Venoms were milked from T. albolabris captured in Guangxi province, China. Venom was lyophilized in a ModulyoD-230 freeze dryer (Thermo Scientific, USA) and stored at −20 °C until required.
Determination of LD50
Snake venom (0.5 mL in saline) was intraperitoneally (IP) injected into Kunming mice. Mice were divided into six groups of ten each and IP received the doses (1.82, 2.30, 2.87, 3.58, 4.48 and 5.60 mg/kg). The results were recorded after 72 h and LD50 was calculated according to the method described by Bliss  and expressed as microgram (μg) per mouse.
For the initial immunization, four hens were immunized intramuscularly at multiple sites in their chest with 0.5 mL saline (containing 329 μg of snake venom) emulsified with an equal volume of FCA. On the 15th and 35th day after the first immunization, hens received booster doses of 0.5 mL saline (containing 658 and 1316 μg of snake venom, respectively) emulsified with an equal volume of IFA. Eggs were collected daily from the first day to the 84th day after the first immunization, individually identified, and stored at 4 °C until required.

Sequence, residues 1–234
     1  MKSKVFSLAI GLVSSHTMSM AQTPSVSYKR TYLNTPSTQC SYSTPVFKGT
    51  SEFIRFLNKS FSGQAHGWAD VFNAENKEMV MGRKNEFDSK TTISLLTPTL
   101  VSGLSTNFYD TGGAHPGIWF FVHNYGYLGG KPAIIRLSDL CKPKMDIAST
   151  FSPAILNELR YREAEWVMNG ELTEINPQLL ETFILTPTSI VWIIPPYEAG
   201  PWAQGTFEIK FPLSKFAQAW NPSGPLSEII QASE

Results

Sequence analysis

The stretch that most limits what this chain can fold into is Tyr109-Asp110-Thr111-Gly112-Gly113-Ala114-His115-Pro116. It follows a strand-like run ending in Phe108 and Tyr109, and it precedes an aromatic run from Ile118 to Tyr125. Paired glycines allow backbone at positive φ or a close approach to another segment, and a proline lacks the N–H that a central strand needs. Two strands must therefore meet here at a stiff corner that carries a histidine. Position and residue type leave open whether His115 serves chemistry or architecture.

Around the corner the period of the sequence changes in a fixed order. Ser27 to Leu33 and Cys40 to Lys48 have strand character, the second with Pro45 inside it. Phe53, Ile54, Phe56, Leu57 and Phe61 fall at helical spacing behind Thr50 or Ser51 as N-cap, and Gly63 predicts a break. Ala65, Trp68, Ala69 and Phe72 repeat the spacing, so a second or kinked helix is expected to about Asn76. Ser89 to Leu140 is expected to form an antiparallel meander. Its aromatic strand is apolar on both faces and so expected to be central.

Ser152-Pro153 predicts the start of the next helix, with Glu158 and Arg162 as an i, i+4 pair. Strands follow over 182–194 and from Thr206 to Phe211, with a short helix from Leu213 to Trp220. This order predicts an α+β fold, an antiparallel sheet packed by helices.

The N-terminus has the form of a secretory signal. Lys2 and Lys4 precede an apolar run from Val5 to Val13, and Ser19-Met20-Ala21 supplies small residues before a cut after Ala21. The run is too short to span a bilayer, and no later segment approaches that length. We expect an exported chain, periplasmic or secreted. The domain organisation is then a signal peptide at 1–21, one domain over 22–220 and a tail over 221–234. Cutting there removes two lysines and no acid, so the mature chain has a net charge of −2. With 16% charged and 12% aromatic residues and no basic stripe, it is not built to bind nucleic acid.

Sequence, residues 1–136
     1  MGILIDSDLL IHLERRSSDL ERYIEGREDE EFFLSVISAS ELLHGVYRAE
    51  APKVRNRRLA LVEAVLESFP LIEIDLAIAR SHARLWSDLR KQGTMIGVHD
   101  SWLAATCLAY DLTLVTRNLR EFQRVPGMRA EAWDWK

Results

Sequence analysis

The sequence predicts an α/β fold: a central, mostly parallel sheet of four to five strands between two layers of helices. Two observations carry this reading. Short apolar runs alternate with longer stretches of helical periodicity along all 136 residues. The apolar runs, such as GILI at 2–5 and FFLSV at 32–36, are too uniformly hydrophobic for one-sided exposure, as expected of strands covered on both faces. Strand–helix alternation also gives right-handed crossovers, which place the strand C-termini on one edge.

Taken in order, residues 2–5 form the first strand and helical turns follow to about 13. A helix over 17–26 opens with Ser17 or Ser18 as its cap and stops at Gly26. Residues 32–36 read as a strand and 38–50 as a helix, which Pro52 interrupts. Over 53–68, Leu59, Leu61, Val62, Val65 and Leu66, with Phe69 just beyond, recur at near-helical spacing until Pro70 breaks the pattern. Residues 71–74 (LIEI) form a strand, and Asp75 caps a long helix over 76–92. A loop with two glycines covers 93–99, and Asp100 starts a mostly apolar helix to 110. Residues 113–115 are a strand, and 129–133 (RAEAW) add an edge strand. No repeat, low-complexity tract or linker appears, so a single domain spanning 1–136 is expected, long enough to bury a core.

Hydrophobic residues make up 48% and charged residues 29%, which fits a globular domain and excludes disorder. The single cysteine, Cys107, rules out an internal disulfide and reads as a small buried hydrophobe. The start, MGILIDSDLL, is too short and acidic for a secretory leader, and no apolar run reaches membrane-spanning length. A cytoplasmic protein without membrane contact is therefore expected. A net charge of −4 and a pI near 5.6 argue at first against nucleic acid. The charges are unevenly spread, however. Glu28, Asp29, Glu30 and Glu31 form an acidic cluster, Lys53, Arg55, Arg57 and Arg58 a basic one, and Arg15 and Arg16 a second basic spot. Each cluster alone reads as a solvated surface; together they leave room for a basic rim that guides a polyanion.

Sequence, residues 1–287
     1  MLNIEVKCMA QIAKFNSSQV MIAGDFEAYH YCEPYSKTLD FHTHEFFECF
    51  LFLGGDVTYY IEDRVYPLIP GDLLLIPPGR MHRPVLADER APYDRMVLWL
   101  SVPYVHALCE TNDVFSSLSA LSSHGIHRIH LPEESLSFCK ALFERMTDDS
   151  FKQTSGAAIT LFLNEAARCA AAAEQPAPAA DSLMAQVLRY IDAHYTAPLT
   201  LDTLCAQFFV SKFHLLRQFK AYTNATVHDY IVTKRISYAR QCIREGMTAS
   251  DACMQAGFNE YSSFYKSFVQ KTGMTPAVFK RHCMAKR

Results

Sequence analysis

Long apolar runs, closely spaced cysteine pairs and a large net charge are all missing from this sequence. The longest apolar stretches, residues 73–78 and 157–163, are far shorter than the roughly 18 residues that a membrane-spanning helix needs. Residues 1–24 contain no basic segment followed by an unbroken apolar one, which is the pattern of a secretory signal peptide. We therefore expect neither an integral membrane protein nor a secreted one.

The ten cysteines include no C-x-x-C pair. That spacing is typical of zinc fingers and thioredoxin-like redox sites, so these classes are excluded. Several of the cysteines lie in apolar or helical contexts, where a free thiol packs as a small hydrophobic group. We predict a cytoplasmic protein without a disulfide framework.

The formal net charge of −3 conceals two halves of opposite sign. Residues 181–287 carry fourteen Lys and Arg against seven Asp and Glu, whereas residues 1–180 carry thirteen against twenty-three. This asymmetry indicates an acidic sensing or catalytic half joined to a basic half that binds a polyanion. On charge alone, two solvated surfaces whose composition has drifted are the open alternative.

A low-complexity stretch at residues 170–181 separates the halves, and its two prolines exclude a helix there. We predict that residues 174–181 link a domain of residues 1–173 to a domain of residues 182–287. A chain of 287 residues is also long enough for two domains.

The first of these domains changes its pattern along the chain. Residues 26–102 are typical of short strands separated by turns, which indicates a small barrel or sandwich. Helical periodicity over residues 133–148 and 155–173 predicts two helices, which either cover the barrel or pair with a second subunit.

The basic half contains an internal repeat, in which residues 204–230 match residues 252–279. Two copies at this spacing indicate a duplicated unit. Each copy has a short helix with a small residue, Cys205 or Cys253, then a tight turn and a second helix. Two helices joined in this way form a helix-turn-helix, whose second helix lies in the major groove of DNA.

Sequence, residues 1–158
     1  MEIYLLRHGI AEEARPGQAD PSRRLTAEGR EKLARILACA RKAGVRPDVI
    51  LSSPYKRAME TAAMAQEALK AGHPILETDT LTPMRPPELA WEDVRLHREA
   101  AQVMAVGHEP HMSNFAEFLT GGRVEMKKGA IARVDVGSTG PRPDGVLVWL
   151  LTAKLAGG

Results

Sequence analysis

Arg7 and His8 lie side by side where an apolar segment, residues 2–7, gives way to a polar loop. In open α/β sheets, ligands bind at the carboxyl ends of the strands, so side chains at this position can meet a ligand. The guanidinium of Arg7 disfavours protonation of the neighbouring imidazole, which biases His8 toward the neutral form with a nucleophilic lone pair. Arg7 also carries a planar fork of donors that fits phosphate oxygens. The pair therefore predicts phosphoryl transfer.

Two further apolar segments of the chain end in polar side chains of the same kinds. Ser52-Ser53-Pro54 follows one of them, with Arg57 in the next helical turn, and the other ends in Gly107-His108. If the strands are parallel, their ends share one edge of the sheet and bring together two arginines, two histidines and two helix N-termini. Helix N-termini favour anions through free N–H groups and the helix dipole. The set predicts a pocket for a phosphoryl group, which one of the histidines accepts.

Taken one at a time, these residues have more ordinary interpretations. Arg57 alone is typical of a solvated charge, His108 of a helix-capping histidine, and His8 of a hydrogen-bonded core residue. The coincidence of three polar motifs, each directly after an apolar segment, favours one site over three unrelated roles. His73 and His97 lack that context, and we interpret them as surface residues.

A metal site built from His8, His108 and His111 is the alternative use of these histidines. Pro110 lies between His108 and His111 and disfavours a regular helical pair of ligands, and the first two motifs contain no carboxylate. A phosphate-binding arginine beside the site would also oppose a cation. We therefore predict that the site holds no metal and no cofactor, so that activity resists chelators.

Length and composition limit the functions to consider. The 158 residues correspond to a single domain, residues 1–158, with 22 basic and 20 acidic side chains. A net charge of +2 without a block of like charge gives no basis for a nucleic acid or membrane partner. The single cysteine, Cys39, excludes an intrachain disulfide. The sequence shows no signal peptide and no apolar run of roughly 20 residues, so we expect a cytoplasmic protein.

Isolation and purification of IgY